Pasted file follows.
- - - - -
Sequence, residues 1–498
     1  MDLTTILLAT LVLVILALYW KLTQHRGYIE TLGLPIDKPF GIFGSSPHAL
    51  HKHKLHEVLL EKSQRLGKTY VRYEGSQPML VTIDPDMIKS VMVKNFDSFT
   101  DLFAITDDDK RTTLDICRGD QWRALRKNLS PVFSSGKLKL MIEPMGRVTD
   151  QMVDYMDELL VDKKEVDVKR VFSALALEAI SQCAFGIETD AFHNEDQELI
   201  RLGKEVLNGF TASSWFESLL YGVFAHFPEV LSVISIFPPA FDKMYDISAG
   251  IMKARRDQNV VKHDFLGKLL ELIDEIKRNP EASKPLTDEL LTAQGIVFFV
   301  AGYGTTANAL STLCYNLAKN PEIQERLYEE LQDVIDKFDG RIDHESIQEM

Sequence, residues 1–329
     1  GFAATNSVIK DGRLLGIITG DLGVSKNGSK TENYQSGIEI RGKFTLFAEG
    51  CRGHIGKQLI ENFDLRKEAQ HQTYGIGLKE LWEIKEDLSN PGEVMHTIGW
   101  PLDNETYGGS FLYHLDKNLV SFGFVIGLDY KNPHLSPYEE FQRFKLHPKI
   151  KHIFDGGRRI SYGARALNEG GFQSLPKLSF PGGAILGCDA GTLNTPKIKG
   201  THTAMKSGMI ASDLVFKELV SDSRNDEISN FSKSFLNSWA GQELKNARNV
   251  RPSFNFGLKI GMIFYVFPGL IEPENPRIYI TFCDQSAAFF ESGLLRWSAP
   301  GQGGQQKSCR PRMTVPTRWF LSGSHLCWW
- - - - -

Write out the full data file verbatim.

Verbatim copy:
Sequence, residues 1–498
     1  MDLTTILLAT LVLVILALYW KLTQHRGYIE TLGLPIDKPF GIFGSSPHAL
    51  HKHKLHEVLL EKSQRLGKTY VRYEGSQPML VTIDPDMIKS VMVKNFDSFT
   101  DLFAITDDDK RTTLDICRGD QWRALRKNLS PVFSSGKLKL MIEPMGRVTD
   151  QMVDYMDELL VDKKEVDVKR VFSALALEAI SQCAFGIETD AFHNEDQELI
   201  RLGKEVLNGF TASSWFESLL YGVFAHFPEV LSVISIFPPA FDKMYDISAG
   251  IMKARRDQNV VKHDFLGKLL ELIDEIKRNP EASKPLTDEL LTAQGIVFFV
   301  AGYGTTANAL STLCYNLAKN PEIQERLYEE LQDVIDKFDG RIDHESIQEM

Sequence, residues 1–329
     1  GFAATNSVIK DGRLLGIITG DLGVSKNGSK TENYQSGIEI RGKFTLFAEG
    51  CRGHIGKQLI ENFDLRKEAQ HQTYGIGLKE LWEIKEDLSN PGEVMHTIGW
   101  PLDNETYGGS FLYHLDKNLV SFGFVIGLDY KNPHLSPYEE FQRFKLHPKI
   151  KHIFDGGRRI SYGARALNEG GFQSLPKLSF PGGAILGCDA GTLNTPKIKG
   201  THTAMKSGMI ASDLVFKELV SDSRNDEISN FSKSFLNSWA GQELKNARNV
   251  RPSFNFGLKI GMIFYVFPGL IEPENPRIYI TFCDQSAAFF ESGLLRWSAP
   301  GQGGQQKSCR PRMTVPTRWF LSGSHLCWW